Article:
PAUOA VALLEY ROAD.
Bbt. C. G. WILLIAMSON, VISITOR.
ALATAU T. ATKINSON,,., v.... PRINCIPAL.
flMlE SCHOOL BUILDINGS STAND IN AN
M. extremely healthy position, are large and Airy, and hare
an excellent playing ground att&cbed.
- - English, Classics, Mathematlca, French, Ac
Kxtba Scbjrcts Ch mis try, Natural Philoaophy, Mecha
leal Drawing, and Music, 4. s , ,., , ,
-', (Par Pupil.. 13 perquarter.
- """'jBaarders 40 per quarter. -
Scholar, are now being received for the Christmas qnarter.
Tbe Young Men'. Erenlng Classes are held at the 8chool
Room on Emma Square. . , , -
For further particular, apply to the
oS VISITOR oa tb PRINCIPAL.
1ST O W V XI Ji. IX , X I1STC3-
'- :'-:" '-El-
R. C. Wylie from Bremen !
79 ONKEY JACKETS,BLt7E 1 PlLOTXJLOTH
AVJL Pant., :-.
1 Heavy Orey Woolen PaDts, r ..
v v fleary Woolen Drawers, Overshirta, ; . .-. . '
v i Iceland Jacket, Flocking, and 8oc. ,tD
Comforters, for Whalemen', ose.
Light F..nnel Coatt w brown'
Heavy Winter Coats, ' '
'i'f'N Alpacca doata, Cashmere Coat, '
Back and Pant., Vests, Cravat,' '
' India Rubber Coats, Damask Table Cover.
-. - Blankett, bloe, scarlet, white, green, grey. --'
: Burlaps, Linen Thread, black and whit.
Twist Sewing Bilk, Cotton Thread,
Brown Cotton Bock. White Cotton Stocking",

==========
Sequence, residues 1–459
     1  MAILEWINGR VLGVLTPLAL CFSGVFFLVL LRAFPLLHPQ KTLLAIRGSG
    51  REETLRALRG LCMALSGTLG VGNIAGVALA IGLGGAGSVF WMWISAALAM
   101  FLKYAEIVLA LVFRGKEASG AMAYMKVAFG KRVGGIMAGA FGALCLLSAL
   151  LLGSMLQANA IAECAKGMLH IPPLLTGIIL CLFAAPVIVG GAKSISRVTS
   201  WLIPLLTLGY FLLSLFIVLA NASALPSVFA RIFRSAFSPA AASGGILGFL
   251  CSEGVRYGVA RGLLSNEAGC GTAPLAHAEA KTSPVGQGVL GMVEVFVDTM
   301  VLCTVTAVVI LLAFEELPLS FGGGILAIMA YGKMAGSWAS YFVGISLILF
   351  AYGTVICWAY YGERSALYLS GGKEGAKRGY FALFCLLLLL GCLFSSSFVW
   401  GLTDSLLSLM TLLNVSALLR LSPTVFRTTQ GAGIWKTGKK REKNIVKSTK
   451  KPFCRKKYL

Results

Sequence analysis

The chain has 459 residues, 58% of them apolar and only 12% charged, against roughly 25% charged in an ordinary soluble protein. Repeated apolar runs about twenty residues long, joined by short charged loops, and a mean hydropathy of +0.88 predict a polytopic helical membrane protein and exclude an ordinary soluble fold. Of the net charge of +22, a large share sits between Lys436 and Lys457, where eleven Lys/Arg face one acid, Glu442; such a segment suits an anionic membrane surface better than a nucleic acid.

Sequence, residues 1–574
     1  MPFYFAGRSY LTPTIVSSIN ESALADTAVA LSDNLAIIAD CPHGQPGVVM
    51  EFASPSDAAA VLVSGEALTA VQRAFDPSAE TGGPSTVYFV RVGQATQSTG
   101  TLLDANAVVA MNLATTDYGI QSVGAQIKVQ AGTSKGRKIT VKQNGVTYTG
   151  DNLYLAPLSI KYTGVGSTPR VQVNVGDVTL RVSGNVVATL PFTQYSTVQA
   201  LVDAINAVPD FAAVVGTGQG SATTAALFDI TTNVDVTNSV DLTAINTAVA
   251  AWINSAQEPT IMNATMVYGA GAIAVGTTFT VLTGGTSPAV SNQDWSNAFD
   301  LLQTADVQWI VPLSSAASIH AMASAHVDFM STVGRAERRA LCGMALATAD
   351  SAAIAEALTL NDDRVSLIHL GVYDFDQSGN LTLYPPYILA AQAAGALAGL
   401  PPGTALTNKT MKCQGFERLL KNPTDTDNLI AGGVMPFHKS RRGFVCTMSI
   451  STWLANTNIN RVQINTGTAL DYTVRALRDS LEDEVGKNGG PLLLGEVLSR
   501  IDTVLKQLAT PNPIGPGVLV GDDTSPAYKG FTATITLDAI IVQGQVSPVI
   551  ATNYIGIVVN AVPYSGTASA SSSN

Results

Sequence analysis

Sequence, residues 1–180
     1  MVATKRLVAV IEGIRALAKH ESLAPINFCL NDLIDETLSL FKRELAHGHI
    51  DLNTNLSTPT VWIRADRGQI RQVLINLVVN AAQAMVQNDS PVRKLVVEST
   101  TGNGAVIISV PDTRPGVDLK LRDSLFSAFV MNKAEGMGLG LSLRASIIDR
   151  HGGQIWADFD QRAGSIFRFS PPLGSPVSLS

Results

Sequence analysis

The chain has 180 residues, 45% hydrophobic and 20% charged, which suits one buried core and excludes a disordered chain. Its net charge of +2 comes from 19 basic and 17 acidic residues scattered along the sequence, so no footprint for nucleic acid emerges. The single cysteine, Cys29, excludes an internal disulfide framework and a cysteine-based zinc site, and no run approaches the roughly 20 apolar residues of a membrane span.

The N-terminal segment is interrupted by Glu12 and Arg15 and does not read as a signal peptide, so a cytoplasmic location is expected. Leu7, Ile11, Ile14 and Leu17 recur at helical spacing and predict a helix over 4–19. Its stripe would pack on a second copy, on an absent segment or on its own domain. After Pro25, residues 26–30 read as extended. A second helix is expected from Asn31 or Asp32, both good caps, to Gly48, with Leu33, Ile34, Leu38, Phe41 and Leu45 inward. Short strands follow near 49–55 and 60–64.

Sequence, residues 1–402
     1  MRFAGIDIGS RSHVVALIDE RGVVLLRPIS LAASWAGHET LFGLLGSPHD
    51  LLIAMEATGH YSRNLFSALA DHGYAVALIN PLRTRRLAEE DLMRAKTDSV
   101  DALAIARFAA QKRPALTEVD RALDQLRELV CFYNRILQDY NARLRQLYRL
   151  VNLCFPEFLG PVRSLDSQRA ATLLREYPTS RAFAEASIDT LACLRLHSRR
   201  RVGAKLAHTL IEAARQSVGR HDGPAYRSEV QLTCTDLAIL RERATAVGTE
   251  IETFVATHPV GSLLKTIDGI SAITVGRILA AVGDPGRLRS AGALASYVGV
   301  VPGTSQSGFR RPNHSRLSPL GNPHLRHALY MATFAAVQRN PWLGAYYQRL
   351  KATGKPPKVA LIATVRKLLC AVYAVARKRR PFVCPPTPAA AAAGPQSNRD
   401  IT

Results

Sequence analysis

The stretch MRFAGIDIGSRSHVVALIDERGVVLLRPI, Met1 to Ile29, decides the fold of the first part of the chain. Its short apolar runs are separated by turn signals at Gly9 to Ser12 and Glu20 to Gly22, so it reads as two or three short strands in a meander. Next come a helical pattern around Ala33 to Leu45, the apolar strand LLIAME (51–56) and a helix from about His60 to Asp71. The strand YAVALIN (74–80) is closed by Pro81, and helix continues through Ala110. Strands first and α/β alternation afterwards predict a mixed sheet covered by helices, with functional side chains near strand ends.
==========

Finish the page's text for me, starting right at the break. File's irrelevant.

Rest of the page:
Fancy Flannel' Shirts'. Hickory Bhirta, " ' .
" Mixed Cotton 8ocits,' 1 .'I'-f
" White and Faaey Cot'on Bhirt,- ! .
gperior White tinea Boaom Shirt, . r .ui,r. !
' Brown, White and Pink Cotton D ndersblrts.
Heavy Merino Undershirt Saddle Girth., , ,
f PUying Card., Eao de Coiogoe, taMaVi
LARG5SSORTMXT ? CUTLERY.
Stearine Candle, aaaorted.
Camphor, Pata. Oil. Wrapping P.P,
Invoice of Stationery, - Bla3lk Book,
' Bath Brick, Water Monkey,
LARGE INVpicE 0F;-CRPCKSRYI
French C.lfBku-. CblUrea', Willow Carriage.,.. . .. "i
French ChocoWe. ntTamartoe Bin.. Loaf 8af'.
- ;l ' Jre" ' Ae.
FOB HALE BY
: i , . !
II. IIACIlFELU Ai.C,
' . - e .. - .... i
FireTTOofl X CFircwood I
nor.pniLS IRE REatTESTED BY TM
WT undersigned from parties having firewood for aale, to fur
nish from one nundrea to tnree nanrcu wui irewuuu,w
be delivered at Lanaina or at aouc uuuwn m, vwoer nunu.
before February, 1871, Parties are requested to oommnolcata
.... 71 m sin n a f wa . .
immediately witb v. Mio.n r.r ar uononuo,
ol4 2ia n Or P. S. MAKEK, Lahaina, . .
V i ' - .11..'
ITorth Pacific Transportation Company.
San Francisco and Honolulu Route.
R.8. FLOl'D, - - COMMANDER.
. Will Leave Saa Fraatlsce,
On or about. . NoTeubrr 12th
Will Leave IIai.lsilN, '
On or about....... ....... .......... November 2Kh
Carfo for Ban Francisco will he received at an times in the
steamer . Vi arehoaae and receipts for the same given by the
nndariifoed. h'o.harra for Sturaae or CarUga.
eire risk. In Warebouae itot taken by tbe Company.
P.1,?,"1 nlrH'l t I Ter rate, than by sailing- yrasela'.
A" articular care taksu of .hlpmenu of Fniil. . . . . - ,
3-h i pmen ta from Euro and the Cnlled Sutes, Intended
or these Islamla. mi k. . . . '